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October 30, 1991     The Sun Paper
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October 30, 1991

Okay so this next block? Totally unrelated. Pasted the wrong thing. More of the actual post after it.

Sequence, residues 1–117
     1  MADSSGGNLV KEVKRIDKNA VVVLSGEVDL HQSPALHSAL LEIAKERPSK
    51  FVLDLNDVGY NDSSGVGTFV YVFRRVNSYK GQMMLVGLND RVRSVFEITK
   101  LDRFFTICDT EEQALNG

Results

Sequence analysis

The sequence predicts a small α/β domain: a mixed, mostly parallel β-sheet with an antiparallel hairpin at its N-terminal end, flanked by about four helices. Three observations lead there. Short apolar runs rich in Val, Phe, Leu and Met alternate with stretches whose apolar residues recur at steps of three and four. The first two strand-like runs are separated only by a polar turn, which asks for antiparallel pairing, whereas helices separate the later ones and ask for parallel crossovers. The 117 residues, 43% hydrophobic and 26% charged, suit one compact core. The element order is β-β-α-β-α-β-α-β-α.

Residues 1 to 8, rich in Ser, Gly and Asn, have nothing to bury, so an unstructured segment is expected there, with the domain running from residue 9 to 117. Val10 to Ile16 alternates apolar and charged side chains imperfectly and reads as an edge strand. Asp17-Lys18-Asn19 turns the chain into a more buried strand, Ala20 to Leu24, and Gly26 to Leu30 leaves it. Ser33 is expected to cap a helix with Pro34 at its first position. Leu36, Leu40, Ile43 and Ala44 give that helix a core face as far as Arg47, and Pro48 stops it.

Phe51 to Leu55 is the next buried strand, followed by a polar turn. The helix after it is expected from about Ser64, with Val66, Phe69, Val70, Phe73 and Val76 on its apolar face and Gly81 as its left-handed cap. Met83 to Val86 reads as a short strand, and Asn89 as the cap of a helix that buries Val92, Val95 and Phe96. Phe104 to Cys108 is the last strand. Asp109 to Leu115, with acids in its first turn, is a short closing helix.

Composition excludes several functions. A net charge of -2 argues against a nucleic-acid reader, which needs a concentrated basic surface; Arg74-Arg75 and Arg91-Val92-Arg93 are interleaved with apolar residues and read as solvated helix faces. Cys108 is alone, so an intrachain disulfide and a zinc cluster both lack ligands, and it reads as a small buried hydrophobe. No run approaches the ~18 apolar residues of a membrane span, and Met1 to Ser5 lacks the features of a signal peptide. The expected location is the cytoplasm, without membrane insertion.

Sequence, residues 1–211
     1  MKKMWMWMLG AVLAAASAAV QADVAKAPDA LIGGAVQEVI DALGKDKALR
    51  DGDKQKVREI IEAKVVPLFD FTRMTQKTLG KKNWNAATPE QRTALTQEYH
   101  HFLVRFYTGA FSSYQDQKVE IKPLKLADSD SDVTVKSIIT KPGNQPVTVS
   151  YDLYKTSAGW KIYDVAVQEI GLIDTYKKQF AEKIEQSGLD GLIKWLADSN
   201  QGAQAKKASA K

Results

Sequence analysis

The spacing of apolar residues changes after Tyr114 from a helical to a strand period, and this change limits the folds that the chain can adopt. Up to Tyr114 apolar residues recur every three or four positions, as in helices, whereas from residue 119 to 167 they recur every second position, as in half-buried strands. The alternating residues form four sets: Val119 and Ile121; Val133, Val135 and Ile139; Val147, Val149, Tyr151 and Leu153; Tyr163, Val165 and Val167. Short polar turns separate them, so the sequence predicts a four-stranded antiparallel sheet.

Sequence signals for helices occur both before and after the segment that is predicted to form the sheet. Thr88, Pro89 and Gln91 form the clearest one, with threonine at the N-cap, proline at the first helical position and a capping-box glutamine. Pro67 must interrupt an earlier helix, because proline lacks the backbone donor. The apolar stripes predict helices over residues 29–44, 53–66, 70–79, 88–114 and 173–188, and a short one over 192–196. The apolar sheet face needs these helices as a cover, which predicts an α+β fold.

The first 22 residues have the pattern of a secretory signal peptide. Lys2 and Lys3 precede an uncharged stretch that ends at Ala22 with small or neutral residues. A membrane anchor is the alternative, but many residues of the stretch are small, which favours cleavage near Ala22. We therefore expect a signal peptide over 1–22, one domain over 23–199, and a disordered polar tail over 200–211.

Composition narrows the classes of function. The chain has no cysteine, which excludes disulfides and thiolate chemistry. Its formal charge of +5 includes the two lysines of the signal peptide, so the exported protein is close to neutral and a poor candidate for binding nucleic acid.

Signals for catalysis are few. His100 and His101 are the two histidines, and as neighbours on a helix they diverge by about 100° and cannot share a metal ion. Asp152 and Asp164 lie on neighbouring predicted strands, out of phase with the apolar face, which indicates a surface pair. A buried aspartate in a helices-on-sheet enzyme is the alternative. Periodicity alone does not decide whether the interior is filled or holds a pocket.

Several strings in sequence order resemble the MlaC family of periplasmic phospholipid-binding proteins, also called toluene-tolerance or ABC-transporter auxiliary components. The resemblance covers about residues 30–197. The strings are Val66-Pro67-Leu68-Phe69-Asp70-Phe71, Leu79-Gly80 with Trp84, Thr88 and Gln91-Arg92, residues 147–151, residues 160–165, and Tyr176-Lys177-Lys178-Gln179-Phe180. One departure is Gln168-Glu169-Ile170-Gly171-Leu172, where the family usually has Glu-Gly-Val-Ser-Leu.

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2 The Sun, Wednesday, October C) PINION Oops, tax bills offer few treats Oregon's tax structure, we think, resembles Halloween. There's lots of tricks but few treats. Measure 5 clearly isn't going to solve our problems. Many homeowners are finding out their tax bills are actually going up again this year. Meanwhile, commercial properties and utilities are getting a big treat---lower tax bills. The $25 per $1,000 of assessed value cap on property taxes is a good idea, but it fails to take into account increases in valuation Another thing that hasn't happened yet are significant cuts in state spending as a result of Measure 5. Sure we were all "treated" to news reports about massive cutbacks but they failed to materialize. The only cure for significant property tax relief is a sales tax. But Oregon voters won't approve this tax unless it clearly will reduce property taxes and will be spent on our public schools. Relying on the income tax and property tax-- and now the Lottery--to finance state and local government isn't working out very well. A sales tax should exclude such basic items as food and prescriptions and should not be allowed to be increased without another statewide vote. We hope Gov. Barbara Roberts's recent efforts will result in submitting a sales tax to voters--one that will pass this time. It's a little spooky thinking about our state's future without a sales tax, a tax that is based on our ability to purchase merchandise, not on how much someone says our property is worth.--.R. Ban on log exports won't solve problem only if I want to sell it overseas. By the same logic, why not lax the export of all goods, and use the money to subsidize domestic indus- try of all kinds? Furthermore, it won't be the over- seas customers who will pay that tax--it will be the Oregon tree grower, who will be forced to accept a lower price on his logs in order to sell them in the fast place. Another false conclusion that DeFazio leaps to is that this tax somehow will result in increased timber supply. He's wrong. Private tree growers are not going to harvest their trees if only to sell them at a discount. Better to leave them on the stump until the market improves or until the domestic price equals the export price. That could be months or years, depending on world condi- tions. Meanwhile, our domestic mills will continue to starve from a log shortage due to public timber harvest reductions and spotted owl- caused setasides. Every member of the Oregon congressional delegation claims that we must provide incentives to pri- vate tree farmers, so that they will make a reasonable and fair profit on their crop, and will reinvest that profit by replanting their land for future timber harvest. In my opin- ion, a tax of any kind is not an incentive to do anything, except maybe look for another line of work. Eighty-one percent of the private timber harvested in Oregon is sold to domestic mills. A tax on the remaining 19 percent will do little to change that ratio, but it definitely will do great damage to Oregon's private tree growers. I believe the most tragic part of this whole shabby business is the danger that our lawmakers will lose direction and won't stay focused on the main problem--the total harvest level from public forests. That is where the solution lies, Mr. DeFazio, and I implore you to work with the rest of the Oregon and Washington delegations to construct a fair and equitable equation to accomplish it. We private tree growers on both sides of the Columbia sincerely want to help in this process---but you're not making it very easy for us to do so. By Neil Westfali Chairman, Forestry Committee Oregon Farm Bureau It's time somebody blew the whistle on Peter DeFazio. Recently, our Fourth District Con- gressman announced with great fan- fare and media hype that he and a few colleagues had introduced a bill io put a 10 percent tax on the exPort of privately grown timber. His accompanying statements, both ver- bal and written, were replete with false innuendos, misstatements of fact, inaccurate statistics and outra- geously crude and rude accusations against our overseas trading part- hers. I grow trees for a living. I have invested thousands of dollars and thousands of hours in growing and nurturing my crop. When it's time to harvest, I would like to get the highest return that I can. But DeFazio would deny me that right, and would have the federal govern- ment dictate that my logs can't be sold at their highest price, or that I have to pay a 10 percent tax to sell them for export. DeFazio claims that most of the money that is raised through this taxation will go "to help communi- ties and workers who are being squeezed between record log exports and shrinking federal timber supplies." DeFazio conveniently ignores the fact that private log exports do not contribute to the shortage of timber from federal and state lands. Nevertheless, he wants to tax private timber to help subsi- dize those unfortunate mills which in the past were solely dependent on public timber. This kind of double- dealing is patently unfair, and has never been allowed in our country's 200-year history. Let's not start now. Another myth that DeFazio and his friends are trying to promote is that the 10 percent tax will be paid by the foreign customers, thereby forcing them to "give us something in return for our logs." I have a real problem with that whole ridiculous statement. In the first place (and forgive me for sounding selfish here), those logs are not "our" logs, they're my logs. They are my private property, and neither Mr. DeFazio nor anyone else has the right to tax that property George Robertson EDITOR and PUBLISHER POSTAL NOTICE: Published weekly by The Sun, 249 S. Bridge Street, Sheridan, OR 97378. Second class postage paid at Sheridan, OR 97378. SUBSCRIPTION RATES (one year): Sheridan, Willamina and Grand Ronde postal addresses, $19.00; all other U.S. postal addresses, $26.00. DEADUNES: Noon Friday - Letter to Editor, Society and Church, press releases, general. 5 p.m. Friday - Legal Notices, Display. Noon Monday - Classified Ads, Classified Display. Phone number (503) 843-2312. POSTMASTER: Send address changes to The Sun, P.O. Box 68, Sheridan, OR 97378. i | Where to U.S. Sen. Mark O. Hart Senate D.C. 20510. Phone District office: Room 1( Courthouse, 555 S.W. Portland, OR 97204. 3386. ItS, Sen. Bob Russell Senate Office ington, D.C. 20510. 5244. District office: Suite 240, Main St., Portland, OR Phone 326-3370. First District AuCoin, 2159 Raybum Bldg., Washington, D: Phone (202) 225-0855. District office: 2701 Suite 860, Portland, Phone 1-800-422-4003 Yamhill County Dennis Goecks, Ted Debl Owens, Yamhill house, Fifth & OR 97128. Phone Polk County Mike Propee, C. Ralph Ron Dodge, Polk house, Dallas, OR Phone 623-8173 Stale Senator John R-Newport, State Salem, OR 97310-1347. 8176. State Relp, rosontatl D-Bay City, Oregon Hou santatives 1-1-367, 97310. Phone 378-8788. Gov. Barbara Robertl tel, Salem, OR 378-3111. Homespun Humor How do you give kids advice toda By Linda Fink Keeping my mouth shut is diffi- cult for me. It pops open at the most inappropriate times. I figure this is partly my children's fault. When they were very young, I felt it necessary to identify every object in the room to help them learn to talk. I read to them, discussed art and literature with them, and sang to them, after a fashion. Then they began speaking and, more to the point, asking questions. I spent every waking hour answer- ing "why?" Even if the fast ques- tion was "what's that?" the second would be "why?" ........ "Why is it called a pumpkin?" "Well, let's look it up." "Why do people go trick or treating on Halloween? .... Let's look in the encyclopedia." I kept hoping the encylopedic reasons I provided would discourage the pesky kids, but no. If they didn't understand, they simply reiterated "why?" until I brought the discus- sion down to their level. By the time my sons were in third grade, they were demanding more extensive and involved answers than our household reference works could provide. We spent hours researching their questions-- whenever their father wasn't home so I could say "Go ask your father." Throughout their growing up years Johnny and I advised, consoled, explained and did our best to answer their six thousand and one questions. Then they became young adults. Suddenly, we were supposed to keep our mouths shut. Listen, but don't comment. This is not an easy transition to make. Nor does it seem quite fair. After all, they are the ones who trained me to talk. Many a time I would have been happy to read the paper in peace and quiet but no, one of the two of them always had a question. "What are you reading? What's it about? Why?" But as they approached manhood and I expressed interest in what THEY were reading... "Why do ya wanna know?" If they bothered to answer at all. Now they are away at college and our conversations take place on the telephone and consist of them tel- ling us all sorts of things that are going on in their lives and me trying to keep my mouth shut. (Johnny doesn't have so much trouble. But he always was better at tuning them out.) Our sons are finally talking about things I'd LOVE to comment on, but can't. Where is the justice in parenting? I know in my head that adult children must make their own way and their own mistakes but my mouth would love to give advice. What's the point of living all these years and having all this experience if we can't share it? Now I know why so many elderly people bend the ears of younger people every chance they get. It's because they can't tell their children what they'd like to tell them so they tell everybody else. Oh sure, I COULD give my college sons advice.., and have on occasion. "Oh, Mom..." they say and change the subject. Nope, if you want to keep the lines of communi- cation open with grown-up kids, you have to keep your mouth shut, contradictory as this appears. Except, of course, when they WANT your advice. Unfortunately, they don't tell you. They expect you to know. And are hurt when you don't. "I thought you didn't CARE." Maybe some parents know when to speak and when to shut up but I don't and I can find no parenting manuals that elucidate. The parent- ing guides are strangely silent on how to relate to your children once they've grown up and left home. They don't tell you that you will continue to worry about everything that happens in their lives but that you will have no control over any of it. It's like being gagged and tied on the beach while your thrashing about in the you can't tell if swimming and thing. All my friends still at home tell just have to trust that them well and they'll choices," All my kids have recently left "YES, YES, I FEEL WAY. IT'S CRAZY." The one thing that gives I is that some friends whoSe have been gone for several "It will get better, Linda, have to keep your mouth they're home and they're and less often the older But others say, "It'll They'll come back." Who would have when we were together for were asking, "Why do on pumpkins?" that in years the questions Now they are answering questions, and I'm left mouth hanging open. I have just one own before I shut my didn't anybody tell me like this, huh? Why?" Iran/Contra issues topic of college The risks of government secrecy in a democratic society is the topic of Christie Institute co-founder Rev. Bill Davis' talk tonight at Linfield College. "Government Secrecy: The Constitution in Crisis," is the title of the 7:30 p.m. lecture in Linfield's Wilson Gymnasium. A former student at the Jesuit seminary in Sheridan, Davis looks forward to returning to Yamhill County, according to Yamhill Valley Peacemakers member Holly Reeves. Davis will discuss the relation- ships among the Imn/Contra affair, the BCCI and savings and loan scandals, the indictment of certain CIA officials, and the alleged Rea- gan campaign deal with Iran to delay the release of American hos- tages known as the "October Sur- prise." Davis, deputy director of Christie Institute West in Los Angeles, holds master's degrees in both theology and philosophy. As a Jesuit priest, he has worked in almost every country in Latin America and is a frequent speaker on the moral and legal aspects of U.S. policy in the region. The Christie Institute is an inter- faith public-interest law firm policy center which crafts lawsuits and conducts investigations selected for their potential, to advance human rights, social justice and personal freedoms. As a principal investigator for the Christie Institute, Davis uncovers evidence, prepares witnesses and plans strategy. Following the death of Karen Silkwood, he was heavily involved in the Institute's successful lawsuit against Kerr-McGee Nuclear Corporation. He investi- gated the Charles Horman case in Chile,--which was the subject of the movie "Missing," starring Jack Lemmon and Sissy Spacek. Davis was also an official observer of the 1984 and 1990 Nicaraguan elec- tions. He is now a member of the Christie team investigating Contra involvement and U.S. government complicity in drug running, corrup- tion and terrorism. "Six months before the first reports of the Iran/Contra scandal aeamd in the press, the Christie Institute lawsuit, Avirgan versus Hull, was filed," said Reeves. "Named as defendants are many key figures later exposed by the scandal. The Christie institute has accumulated important evidence of criminal misconduct by high rank- ing government and CIA officials and their associates. Father Davis will give us the inside story." In the lawsuit Avirgan versus Hull, 29 members of a criminal racketeering enterprise have been charged with murder, drug traffick- ing, gun smuggling, money launder- ing and other crimes. The plaintiffs are ABC cameraman Tony Avirgan and reporter Martha Honey. Avirgan was among the two dozen people wounded during the 1984 bombing of a press conference in La Penca, Nicaragua. Eight people were killed dunng that attempt to assassinate 'ontra leader Eden Pastora. "What prevents officials from engaging in corruption and criminal conduct when they are beyond the scope of public scrutiny?" asked Reeves. "There have been more questions than answers ever since the Iran/Contra scandal first erupted. As new pieces of the puzzle surface, it is becoming obvious that the American people have been deceived." Davis' appearance lit ville is part of an tour coordinated by Valley Peacemakers stops in Portland, and Eugene. Sign pretation is available. Merchants to offer treats Participating merchants in down- town Sheridan and Willamina will treat youngsters to goodies on Hal- loween. Treats will be given out in both downtown business districts from 4 to 6 p.m. Some merchants will wear cos- tames for the day, too. Costumes for Sheridan merchants at 8:30 a.m. at Restaurant. A musicians from School and Sheridan is planned at 8:45 a.m. downtown. LETTERS LANDFILL NEEDS SOLUTION TODAY Remember when you were a kid and someone told you to sit still and sit on your hands? It worked for a while but we grew out of that form of control, or have we? The people of Yamhill County have decided not to support their fairgrounds, which brings dollars to the county, especially for the mer- chants and their employees. This is their choice, majority rules. How long will we sit on our hands and let Canada's waste and garbage to be brought in and dumped? When it turns to nuclear waste or just when it affects our pure water supply? If Mr. Koch chooses to sell out the county which has given him and his family such a good life, for the sake of a few dollars, are we to sit on our hands and coffee and tea? Let's sit down solution today. Candace M. WRITER HIS G I'm inquiring Frick, who lived at son, Sheridan. Her H.M. Frick. They had a Frick was my child my family 1941. I'm hoping this and put me in Fricks' daughter. there again in 3555 ao.i,